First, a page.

Yes, the crèche in our home, in front of the church and in many public squares (including here in Chicago) is a visual reminder of God’s Incarnation. But the figurines in those displays are inanimate. The living Christ includes all the retail clerks who stack merchandise and direct shoppers. These workers, please understand, do not have to consciously exude Christianity. Indeed, some are members of other religious traditions; others do not worship at all. Yet, Advent is seeing Christmas in them and then improving their world. For example, don’t shop on Sunday so that workers have Sabbath time.
Restaurant workers mirror Christ. As an Advent discipline, bump up the tip, let’s say to 25% of the bill. The barber, the postal worker, the newspaper delivery person, your bartender.
Christ is the worker who sews the dress shirt that goes into a gift box. That worker is likely overseas and may well labor in a sweatshop. Christ is the worker in a Thailand shrimp house who washes and packages the little fish for the hors d’oeuvre tray at the office party. That worker is probably a slave. As an Advent discipline, only eat shrimp from the Gulf of Mexico or from a U.S. aqua-farm.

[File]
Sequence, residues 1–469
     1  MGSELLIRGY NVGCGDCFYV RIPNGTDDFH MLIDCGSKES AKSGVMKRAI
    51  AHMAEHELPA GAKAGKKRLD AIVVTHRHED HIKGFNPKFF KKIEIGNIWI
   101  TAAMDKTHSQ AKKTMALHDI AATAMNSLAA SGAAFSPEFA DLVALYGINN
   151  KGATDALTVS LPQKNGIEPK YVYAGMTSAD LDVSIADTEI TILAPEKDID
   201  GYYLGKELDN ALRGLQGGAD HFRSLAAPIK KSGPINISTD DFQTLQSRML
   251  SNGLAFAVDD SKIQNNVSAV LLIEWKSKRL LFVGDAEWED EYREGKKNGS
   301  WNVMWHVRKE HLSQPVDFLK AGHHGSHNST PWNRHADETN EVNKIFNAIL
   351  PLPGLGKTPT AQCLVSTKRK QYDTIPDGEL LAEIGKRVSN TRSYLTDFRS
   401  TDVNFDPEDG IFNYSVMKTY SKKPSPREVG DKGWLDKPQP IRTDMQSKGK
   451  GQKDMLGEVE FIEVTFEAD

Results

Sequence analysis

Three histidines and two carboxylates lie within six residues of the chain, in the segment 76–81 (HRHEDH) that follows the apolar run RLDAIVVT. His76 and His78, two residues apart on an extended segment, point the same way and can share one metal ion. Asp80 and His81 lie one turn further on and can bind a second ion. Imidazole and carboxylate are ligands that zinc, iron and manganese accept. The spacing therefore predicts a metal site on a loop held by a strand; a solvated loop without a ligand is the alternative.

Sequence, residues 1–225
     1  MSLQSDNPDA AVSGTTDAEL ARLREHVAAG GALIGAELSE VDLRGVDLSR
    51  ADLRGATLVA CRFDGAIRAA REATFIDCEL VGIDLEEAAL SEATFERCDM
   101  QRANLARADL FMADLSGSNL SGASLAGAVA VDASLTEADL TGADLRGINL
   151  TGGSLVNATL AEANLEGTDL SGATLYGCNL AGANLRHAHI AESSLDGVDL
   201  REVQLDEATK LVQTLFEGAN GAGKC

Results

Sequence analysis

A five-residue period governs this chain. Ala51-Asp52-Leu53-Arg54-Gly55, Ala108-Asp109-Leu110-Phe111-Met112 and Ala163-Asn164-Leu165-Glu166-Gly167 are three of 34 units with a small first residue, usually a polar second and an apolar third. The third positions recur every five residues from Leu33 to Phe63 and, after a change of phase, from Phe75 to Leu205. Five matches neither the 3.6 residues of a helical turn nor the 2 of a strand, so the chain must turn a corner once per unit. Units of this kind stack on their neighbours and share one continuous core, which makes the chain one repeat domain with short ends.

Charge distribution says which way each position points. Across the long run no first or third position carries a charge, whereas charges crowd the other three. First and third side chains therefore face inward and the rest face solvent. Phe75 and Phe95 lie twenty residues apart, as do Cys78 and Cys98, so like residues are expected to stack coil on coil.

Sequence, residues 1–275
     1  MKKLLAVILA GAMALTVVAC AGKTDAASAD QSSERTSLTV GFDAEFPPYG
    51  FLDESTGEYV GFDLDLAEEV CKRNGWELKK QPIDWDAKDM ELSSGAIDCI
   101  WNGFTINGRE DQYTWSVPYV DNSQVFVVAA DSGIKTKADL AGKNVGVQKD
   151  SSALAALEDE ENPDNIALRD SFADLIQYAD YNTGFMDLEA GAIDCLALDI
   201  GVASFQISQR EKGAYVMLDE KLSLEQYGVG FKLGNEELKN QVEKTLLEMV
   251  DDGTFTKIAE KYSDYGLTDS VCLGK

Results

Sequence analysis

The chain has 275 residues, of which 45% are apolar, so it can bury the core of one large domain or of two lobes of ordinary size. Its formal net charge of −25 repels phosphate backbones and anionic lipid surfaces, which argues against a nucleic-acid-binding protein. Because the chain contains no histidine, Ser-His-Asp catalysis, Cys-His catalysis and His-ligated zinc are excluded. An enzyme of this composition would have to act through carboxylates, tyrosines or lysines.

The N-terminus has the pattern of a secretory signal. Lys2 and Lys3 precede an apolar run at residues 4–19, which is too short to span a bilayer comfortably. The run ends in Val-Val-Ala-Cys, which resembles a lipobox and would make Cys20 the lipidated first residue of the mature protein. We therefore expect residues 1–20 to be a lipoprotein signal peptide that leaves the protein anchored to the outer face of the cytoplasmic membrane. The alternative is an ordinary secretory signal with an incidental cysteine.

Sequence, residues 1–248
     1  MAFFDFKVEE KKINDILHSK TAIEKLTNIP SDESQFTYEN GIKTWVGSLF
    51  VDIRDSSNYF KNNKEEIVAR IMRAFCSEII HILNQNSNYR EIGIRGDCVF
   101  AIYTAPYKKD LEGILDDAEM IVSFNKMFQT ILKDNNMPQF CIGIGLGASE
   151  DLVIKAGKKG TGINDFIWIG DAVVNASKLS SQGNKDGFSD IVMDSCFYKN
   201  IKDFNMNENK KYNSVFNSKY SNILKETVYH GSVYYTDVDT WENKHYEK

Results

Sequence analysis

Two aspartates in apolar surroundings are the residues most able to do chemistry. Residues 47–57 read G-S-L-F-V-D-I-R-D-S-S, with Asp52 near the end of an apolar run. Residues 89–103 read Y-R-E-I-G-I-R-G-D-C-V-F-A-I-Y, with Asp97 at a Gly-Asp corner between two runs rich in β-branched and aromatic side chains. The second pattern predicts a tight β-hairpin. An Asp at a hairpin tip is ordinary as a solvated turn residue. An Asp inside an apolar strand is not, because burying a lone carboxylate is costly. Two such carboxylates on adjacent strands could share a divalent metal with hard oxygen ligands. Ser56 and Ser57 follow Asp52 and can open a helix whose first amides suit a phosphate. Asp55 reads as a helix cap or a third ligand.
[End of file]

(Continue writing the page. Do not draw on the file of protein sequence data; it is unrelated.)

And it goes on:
Christ is any family that can’t find a room at Mar-a-Lago, or at the Hilton or even at the Route 20 Motel. Christ is anyone who is not welcome at the family table, likely because that person is associated with too much sorrow and discord. During December, many Christians donate food or money for the care of the homeless. Get a closer look at Christ by volunteering at the pantry or shelter.

A few years ago I was in a Milwaukee shopping mall during Advent. Or better to say, my wife was shopping in Milwaukee; I found a bench inside the mall. A Pakistani-American woman and her baby sat down next to me. An older, well-dressed woman approached us and presumably mistaking me for the father said, “You are so lucky. This child is a great hope to us today.” How did she know?
Over 2000 years ago there was another baby. This one conceived out of wedlock to under-employed refugees. This baby’s life was in political danger and the family had to spend time in a foreign country with no green cards. In one sense Jesus did almost nothing that was extraordinary. He simply went about doing the unexpected: showing kindness to strangers, preaching subversively, associating with oddballs. Advent is about looking for the greatest in the unexpected. It is about great hope on a bench at a mall in downtown Milwaukee.

Advent is preparation for Christmas. Christmas is preparation for the day after Christmas.

Advent Lesson

The Working Catholic: Advent, Part II